When a portion of the conveyor belt 10 where the register marks 13 are absent arrives at the mark sensor 14, the photosensitive element 17 directly receives light transmitted through the transparent belt 10 via the slit 16. When a portion of the belt 10 where any one of the register marks 13 is present arrives at the mark sensor 14, the photosensitive element 17 receives light shielded by the mark 13 when the mark 13 aligns with the slit 16. The mark sensor 14 therefore determines the time when the register mark 13 passed on the basis of a difference between the quantities of light incident to the photosensitive element 17.
FIG. 4 shows a specific waveform of a signal output from the mark sensor 14. This signal is sent to a control unit included in the image forming apparatus and having a CPU (Central Processing Unit), a RAM (Random Access Memory), a ROM (Read Only Memory), an I/O (Input/Output) circuit), a clock generator, a counter, and various control circuits, although not shown specifically. The control unit determines a deviation in the subscanning direction on the basis of a difference Δtf between the consecutive lines a parallel to the main scanning direction, i.e., perpendicular to time t with respect to the time when a peak appears. Likewise, the control unit determines a deviation in the main scanning direction on the basis of a difference Δts between the consecutive inclined lines b with respect to the peak. This principle is also applied to the calculation of the inclination of a scanning line and the deviation of a magnification.
The control unit executes correction in accordance with the above deviations. As for a skew, for example, the control unit performs the adjustment of the inclination of optical elements included in optics or similar mechanical movement. As for the other correction, the control unit varies the turn-on timing of the light source.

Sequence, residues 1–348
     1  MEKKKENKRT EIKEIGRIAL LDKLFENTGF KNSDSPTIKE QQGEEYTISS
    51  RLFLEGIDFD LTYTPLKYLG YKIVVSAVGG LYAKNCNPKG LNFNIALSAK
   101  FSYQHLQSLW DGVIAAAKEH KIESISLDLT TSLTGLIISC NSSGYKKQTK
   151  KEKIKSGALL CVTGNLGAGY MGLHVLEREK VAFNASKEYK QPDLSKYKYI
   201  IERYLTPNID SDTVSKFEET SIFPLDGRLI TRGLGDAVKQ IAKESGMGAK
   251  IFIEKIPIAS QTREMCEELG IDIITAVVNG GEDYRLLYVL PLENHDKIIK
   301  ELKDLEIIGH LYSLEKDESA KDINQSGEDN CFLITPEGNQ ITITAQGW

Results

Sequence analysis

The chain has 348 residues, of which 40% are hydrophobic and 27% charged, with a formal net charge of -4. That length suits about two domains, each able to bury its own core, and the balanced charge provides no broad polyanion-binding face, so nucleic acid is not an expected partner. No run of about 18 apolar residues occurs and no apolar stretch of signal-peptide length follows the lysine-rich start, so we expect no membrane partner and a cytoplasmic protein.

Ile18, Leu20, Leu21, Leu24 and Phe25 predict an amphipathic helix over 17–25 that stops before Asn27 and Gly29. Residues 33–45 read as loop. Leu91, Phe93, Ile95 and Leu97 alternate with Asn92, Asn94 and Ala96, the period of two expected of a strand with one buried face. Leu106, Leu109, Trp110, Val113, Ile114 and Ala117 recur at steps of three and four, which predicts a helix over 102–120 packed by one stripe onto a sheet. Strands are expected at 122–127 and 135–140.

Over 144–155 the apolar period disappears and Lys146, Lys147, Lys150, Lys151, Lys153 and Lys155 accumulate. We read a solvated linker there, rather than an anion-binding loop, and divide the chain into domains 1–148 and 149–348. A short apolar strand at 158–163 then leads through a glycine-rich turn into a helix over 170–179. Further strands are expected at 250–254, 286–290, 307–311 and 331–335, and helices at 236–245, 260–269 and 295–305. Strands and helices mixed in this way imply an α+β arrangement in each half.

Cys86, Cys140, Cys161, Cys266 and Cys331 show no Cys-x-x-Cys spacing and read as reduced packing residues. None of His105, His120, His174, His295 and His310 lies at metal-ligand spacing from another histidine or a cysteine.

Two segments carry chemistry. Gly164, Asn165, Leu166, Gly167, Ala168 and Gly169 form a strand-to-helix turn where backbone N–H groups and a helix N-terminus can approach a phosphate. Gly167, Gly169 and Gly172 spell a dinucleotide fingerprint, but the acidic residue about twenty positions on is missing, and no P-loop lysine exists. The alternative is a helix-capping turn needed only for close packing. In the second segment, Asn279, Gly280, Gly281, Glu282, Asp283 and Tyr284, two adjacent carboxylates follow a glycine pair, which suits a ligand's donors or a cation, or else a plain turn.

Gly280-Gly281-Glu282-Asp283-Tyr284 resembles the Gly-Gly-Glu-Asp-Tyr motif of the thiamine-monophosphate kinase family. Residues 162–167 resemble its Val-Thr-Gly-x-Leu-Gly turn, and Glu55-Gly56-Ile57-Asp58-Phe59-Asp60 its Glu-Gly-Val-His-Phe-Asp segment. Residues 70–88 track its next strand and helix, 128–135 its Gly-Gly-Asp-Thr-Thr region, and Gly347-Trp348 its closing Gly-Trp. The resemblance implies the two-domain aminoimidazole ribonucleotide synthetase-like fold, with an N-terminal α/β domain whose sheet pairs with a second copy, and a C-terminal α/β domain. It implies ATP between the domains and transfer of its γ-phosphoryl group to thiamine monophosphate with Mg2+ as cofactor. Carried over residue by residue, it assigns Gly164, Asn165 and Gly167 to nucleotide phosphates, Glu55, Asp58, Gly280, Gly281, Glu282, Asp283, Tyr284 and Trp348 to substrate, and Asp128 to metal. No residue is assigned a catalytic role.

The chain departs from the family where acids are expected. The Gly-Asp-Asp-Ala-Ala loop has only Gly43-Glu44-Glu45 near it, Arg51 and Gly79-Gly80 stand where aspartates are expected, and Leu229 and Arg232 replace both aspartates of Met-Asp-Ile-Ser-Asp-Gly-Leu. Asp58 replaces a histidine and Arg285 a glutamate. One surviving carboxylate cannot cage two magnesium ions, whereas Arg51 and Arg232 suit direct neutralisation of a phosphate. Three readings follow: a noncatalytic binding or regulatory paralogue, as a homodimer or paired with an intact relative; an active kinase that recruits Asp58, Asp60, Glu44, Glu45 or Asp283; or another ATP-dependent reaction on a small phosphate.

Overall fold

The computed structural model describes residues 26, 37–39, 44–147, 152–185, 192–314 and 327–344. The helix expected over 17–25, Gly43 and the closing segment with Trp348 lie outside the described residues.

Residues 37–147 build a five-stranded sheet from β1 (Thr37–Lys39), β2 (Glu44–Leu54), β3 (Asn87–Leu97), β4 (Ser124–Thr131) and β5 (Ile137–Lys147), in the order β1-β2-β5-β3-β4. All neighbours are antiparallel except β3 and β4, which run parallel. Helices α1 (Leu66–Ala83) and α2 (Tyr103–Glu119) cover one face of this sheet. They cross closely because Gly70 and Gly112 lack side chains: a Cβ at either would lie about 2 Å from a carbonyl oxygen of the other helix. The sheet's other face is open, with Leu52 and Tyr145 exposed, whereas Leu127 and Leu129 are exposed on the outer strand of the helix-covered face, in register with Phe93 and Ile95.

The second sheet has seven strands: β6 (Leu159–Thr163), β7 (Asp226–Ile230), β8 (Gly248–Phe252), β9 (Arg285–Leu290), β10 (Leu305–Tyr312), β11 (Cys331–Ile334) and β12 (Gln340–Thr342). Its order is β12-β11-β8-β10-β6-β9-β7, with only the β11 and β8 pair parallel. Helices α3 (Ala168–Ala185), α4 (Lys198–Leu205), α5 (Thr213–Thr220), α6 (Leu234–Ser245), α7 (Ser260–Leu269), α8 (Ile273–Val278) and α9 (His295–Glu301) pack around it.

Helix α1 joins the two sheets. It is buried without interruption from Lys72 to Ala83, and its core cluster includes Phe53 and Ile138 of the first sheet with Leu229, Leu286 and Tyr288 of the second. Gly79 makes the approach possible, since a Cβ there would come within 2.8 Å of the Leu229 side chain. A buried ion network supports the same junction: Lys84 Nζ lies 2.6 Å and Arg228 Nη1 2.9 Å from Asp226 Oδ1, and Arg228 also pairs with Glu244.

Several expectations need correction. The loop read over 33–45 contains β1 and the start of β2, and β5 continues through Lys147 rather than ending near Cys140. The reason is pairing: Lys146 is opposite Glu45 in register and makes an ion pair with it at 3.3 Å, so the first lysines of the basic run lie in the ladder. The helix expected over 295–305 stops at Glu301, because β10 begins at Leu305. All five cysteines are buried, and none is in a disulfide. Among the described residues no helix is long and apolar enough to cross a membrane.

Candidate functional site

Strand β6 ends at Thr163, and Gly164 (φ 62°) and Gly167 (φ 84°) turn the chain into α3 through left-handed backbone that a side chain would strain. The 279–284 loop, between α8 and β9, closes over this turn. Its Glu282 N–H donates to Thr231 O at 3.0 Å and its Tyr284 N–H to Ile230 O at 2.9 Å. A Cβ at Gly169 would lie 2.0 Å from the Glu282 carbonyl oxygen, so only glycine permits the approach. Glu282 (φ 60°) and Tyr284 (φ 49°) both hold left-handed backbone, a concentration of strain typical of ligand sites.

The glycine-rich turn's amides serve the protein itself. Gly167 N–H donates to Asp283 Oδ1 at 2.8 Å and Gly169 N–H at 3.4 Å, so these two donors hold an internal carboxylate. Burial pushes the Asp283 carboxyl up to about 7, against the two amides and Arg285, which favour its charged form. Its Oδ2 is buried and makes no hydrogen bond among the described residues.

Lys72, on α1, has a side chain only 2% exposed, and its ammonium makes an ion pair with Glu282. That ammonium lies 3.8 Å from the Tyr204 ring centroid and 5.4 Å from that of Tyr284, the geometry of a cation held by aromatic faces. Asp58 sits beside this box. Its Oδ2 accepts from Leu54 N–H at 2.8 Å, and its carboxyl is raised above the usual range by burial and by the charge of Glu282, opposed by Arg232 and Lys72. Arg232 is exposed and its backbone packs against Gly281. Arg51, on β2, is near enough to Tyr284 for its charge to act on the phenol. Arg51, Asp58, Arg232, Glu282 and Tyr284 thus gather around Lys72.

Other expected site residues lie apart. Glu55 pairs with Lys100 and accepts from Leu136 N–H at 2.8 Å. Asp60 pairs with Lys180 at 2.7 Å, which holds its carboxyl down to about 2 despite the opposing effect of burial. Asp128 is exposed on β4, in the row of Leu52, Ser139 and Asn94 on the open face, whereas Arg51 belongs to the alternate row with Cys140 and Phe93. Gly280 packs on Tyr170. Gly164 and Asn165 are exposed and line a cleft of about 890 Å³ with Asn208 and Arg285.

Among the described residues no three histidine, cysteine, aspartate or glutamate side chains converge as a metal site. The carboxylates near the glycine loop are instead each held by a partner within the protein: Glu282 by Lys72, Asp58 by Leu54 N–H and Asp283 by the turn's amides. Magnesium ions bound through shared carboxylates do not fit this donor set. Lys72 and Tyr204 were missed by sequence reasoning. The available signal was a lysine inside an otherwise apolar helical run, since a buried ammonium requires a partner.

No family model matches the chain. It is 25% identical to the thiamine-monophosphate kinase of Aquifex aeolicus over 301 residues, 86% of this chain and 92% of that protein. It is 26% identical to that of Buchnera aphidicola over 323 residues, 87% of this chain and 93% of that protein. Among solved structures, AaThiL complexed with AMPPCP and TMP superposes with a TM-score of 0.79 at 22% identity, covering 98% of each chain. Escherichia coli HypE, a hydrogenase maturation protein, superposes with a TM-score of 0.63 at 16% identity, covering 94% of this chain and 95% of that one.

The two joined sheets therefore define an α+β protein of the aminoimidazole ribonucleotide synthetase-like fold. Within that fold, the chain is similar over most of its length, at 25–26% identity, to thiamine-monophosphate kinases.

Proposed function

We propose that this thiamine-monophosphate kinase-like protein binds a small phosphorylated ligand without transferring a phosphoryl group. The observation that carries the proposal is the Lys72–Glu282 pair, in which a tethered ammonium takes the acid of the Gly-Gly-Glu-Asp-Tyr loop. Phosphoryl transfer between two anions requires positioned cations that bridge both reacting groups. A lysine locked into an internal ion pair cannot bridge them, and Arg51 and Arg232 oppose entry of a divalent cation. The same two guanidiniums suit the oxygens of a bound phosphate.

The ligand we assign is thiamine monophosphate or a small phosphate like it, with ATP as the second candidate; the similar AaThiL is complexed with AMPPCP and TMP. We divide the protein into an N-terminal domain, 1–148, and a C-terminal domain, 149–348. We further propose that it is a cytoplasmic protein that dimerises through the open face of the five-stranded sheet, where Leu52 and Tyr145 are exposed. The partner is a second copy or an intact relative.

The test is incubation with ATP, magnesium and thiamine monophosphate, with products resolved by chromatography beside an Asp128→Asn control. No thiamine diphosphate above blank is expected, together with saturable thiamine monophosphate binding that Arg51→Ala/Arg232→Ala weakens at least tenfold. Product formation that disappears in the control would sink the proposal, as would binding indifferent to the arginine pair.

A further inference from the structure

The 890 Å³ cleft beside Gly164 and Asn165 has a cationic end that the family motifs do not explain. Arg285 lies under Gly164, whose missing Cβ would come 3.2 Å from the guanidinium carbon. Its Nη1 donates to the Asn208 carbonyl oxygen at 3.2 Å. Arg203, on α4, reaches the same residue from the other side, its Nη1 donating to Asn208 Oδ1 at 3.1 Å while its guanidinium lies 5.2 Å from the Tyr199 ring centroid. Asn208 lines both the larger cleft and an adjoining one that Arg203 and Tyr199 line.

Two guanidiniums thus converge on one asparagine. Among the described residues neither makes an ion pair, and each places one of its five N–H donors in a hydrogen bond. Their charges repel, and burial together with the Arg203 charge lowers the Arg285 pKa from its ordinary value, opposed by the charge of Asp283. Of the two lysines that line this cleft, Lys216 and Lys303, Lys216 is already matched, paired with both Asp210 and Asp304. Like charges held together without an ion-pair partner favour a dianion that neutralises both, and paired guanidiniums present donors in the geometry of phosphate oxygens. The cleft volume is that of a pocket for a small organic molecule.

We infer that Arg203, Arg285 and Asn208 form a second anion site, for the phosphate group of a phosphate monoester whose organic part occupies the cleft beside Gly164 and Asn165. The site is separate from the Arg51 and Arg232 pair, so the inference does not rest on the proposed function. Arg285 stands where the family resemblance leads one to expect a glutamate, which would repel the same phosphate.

A color image forming apparatus of the type detecting a color deviation and correcting it is apt to lower the image forming efficiency because a substantial period of time must be allocated for the detection and correction, as stated earlier. The method taught in Japanese Patent No. 2,633,877, for example, executes each of a usual image forming sequence and a correction sequence for forming the register marks, reading them and correcting a deviation at a particular timing. This method therefore inhibits the apparatus from forming an image during the formation a register mark at each image forming station, the conveyance of each register mark to the mark sensors, the calculation of a deviation on the basis of the outputs of the mark sensors, and the correction of the deviation.
In light of the above, Japanese Patent Laid-Open Publication Nos. 6-51607, 7-234612, 8-272936 and 9-244332, for example, disclose arrangements for promoting efficient register of toner images of different colors. However, even such arrangements have the following problems (1) and (2) left unsolved.
(1) Scatter of Results of Sensing
As shown in FIG. 5, a deviation between colors varies over a range of about 100 μm due to, e.g., the irregular rotation of a photoconductive drum, depending on the position x in the direction in which a paper 18 is conveyed. It follows that even the result of sensing operation is likely to depend on the position where the register mark is sampled. In addition, even when sensing operations are effected at substantially the same time, the results of sensing are often different from each other due to the scatter of mechanical movements and the repetition error of the sensors. If a deviation varying over a certain range is directly corrected, then even the result of sensing happened to be shifted from the center value is corrected, aggravating the misregister of images. As a result, even correction based on a detected deviation exceeding the resolution for correction would fail to cause the deviation; to converge.